Toab, Tap, Goap
Prince and President, sometimes King
Love, finding things, phiosophy and the liberal sciences, stealing other people’s familiars. Making men stupid, but really, do you need a demon for that? Women’s health.
One of the more interesting descriptions of Gaap say that he’s a human with great bat wings, and is preceded by four powerful kings. That seems to be reflected in his sigil which shows four shapes boxed into the usual bars and squiggles.
Reginald Scot’s “Discovery of Witches” suggests that Gaap and Bileth were among the first demons invoked by necromancy, called up by Cham, son of Noah. Scot seems to conflate these two demons, and along with Belial and Asmoday lists them as the four kings of the 72 Solomonic demons. So clearly, Gaap’s a big name.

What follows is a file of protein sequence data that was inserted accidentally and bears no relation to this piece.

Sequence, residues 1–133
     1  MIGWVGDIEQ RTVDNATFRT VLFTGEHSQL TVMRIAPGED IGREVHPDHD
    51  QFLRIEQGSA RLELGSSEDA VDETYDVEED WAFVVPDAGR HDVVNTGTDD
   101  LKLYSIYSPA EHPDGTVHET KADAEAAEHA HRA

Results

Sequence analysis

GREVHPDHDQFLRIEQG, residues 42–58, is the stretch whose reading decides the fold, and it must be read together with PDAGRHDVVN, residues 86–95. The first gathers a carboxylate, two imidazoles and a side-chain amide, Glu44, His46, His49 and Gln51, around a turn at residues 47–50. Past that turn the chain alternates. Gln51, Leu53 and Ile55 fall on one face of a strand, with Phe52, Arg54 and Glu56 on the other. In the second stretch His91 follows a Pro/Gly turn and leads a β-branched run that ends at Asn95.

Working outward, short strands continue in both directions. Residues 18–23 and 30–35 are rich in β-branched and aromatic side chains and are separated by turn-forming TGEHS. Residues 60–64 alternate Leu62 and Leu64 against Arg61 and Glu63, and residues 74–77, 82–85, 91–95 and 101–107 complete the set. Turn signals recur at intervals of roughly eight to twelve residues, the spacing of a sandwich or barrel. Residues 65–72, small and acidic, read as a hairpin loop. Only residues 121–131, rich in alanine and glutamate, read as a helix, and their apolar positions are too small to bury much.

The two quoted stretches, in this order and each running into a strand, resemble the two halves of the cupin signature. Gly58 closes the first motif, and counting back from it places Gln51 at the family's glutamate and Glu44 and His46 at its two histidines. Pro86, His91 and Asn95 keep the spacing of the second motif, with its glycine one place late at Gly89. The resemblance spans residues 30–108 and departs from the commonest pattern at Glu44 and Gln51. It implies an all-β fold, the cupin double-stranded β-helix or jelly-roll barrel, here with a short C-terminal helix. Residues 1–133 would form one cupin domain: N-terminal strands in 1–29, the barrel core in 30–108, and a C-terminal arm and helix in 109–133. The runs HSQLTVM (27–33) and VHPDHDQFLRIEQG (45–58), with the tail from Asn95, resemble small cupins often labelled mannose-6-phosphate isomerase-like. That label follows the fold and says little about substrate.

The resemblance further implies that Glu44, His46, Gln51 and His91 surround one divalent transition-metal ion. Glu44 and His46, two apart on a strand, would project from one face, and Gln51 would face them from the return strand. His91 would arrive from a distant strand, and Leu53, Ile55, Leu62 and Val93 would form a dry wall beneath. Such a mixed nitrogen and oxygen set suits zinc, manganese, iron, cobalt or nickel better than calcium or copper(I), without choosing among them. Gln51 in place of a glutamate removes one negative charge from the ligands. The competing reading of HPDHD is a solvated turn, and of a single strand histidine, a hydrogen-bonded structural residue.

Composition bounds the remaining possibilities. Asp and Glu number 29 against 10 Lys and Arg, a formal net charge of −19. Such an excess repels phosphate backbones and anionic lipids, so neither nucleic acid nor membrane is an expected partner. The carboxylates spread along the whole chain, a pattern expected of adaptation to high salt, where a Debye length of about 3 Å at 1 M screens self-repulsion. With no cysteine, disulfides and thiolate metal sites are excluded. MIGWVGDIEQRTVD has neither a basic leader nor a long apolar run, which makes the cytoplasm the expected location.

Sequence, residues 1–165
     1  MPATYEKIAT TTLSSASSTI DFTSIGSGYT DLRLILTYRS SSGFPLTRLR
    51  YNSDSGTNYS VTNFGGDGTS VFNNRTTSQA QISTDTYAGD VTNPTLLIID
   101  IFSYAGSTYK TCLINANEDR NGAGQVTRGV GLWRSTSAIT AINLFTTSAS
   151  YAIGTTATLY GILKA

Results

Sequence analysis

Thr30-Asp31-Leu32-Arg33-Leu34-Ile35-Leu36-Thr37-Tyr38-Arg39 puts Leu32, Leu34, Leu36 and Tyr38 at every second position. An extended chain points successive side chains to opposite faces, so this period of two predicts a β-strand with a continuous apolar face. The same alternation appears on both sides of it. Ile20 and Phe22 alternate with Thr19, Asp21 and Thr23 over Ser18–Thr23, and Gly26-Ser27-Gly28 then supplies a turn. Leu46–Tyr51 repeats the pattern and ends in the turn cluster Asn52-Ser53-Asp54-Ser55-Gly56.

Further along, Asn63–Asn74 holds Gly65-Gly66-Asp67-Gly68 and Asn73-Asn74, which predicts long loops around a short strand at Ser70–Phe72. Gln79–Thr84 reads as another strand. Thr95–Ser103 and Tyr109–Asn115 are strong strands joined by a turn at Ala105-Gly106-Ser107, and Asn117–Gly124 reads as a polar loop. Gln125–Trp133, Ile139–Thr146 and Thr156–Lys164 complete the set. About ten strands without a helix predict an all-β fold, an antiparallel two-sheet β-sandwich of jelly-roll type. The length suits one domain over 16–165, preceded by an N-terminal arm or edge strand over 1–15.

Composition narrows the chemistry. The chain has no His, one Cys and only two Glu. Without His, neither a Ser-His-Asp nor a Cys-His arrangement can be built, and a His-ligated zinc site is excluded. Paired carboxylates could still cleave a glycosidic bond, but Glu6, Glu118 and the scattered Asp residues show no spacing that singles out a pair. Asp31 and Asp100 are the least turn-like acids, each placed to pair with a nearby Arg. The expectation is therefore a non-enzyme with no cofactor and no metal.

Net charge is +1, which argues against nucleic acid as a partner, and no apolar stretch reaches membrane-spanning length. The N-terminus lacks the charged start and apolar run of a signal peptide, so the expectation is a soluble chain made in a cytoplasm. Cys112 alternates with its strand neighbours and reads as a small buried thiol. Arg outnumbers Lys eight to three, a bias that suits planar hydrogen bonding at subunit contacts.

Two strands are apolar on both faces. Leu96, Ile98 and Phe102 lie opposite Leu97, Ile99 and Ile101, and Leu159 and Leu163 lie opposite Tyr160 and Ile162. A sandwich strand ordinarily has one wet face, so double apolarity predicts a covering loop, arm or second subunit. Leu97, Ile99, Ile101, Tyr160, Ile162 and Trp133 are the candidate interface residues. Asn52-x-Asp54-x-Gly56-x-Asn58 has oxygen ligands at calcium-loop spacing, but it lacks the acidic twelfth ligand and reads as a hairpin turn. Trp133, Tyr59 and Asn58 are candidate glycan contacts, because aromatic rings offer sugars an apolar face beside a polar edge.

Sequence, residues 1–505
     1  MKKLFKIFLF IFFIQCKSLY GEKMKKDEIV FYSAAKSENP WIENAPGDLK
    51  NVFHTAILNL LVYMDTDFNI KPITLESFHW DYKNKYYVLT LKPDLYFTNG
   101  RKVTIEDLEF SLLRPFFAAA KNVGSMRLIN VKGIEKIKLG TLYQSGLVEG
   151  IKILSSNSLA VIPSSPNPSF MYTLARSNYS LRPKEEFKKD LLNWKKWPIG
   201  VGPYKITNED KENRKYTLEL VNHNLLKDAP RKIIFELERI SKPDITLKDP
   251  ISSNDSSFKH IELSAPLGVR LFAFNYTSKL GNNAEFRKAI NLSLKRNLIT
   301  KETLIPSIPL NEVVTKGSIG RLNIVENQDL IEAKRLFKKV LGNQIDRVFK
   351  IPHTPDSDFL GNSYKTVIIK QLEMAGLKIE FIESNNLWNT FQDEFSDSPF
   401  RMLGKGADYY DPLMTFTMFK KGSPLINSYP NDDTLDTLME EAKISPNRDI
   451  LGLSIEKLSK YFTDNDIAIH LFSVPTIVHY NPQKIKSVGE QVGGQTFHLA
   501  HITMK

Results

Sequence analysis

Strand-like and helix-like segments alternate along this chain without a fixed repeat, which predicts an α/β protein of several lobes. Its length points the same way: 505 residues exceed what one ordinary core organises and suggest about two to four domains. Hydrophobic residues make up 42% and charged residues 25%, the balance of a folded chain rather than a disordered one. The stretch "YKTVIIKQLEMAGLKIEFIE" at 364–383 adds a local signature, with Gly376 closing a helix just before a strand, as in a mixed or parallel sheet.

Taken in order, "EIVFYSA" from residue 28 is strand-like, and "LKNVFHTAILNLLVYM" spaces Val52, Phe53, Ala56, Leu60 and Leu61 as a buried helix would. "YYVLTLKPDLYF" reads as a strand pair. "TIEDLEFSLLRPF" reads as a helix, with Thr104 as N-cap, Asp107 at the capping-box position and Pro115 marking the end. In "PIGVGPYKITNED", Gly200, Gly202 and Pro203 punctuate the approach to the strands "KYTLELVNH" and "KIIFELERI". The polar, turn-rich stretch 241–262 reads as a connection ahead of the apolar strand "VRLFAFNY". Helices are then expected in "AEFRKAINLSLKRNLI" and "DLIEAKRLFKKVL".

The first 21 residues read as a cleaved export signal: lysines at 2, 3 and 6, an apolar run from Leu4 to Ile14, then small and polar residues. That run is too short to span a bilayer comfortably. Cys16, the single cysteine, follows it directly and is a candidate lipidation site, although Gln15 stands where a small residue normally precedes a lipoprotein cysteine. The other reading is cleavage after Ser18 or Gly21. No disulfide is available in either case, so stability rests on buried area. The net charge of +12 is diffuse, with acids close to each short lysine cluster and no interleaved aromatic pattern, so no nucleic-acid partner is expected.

In some grimoires he’s given some of the usual dubious love magic abilities that many demons are associated with. But while he’s double-edged, he’s got some positives to offer to women. Weyer says he appears as a doctor and is a “most excellent doctor of women,” although adds more love magic stuff after that. And while some of what he does is obviously serving a male audience, he can make women beautiful, provide medical services for them, and terminate pregnancies or make women infertile. It may be that if you take the usual thick layer of grimoire patriarchy off of this demon, he’s a strong candidate for the demon of women’s health.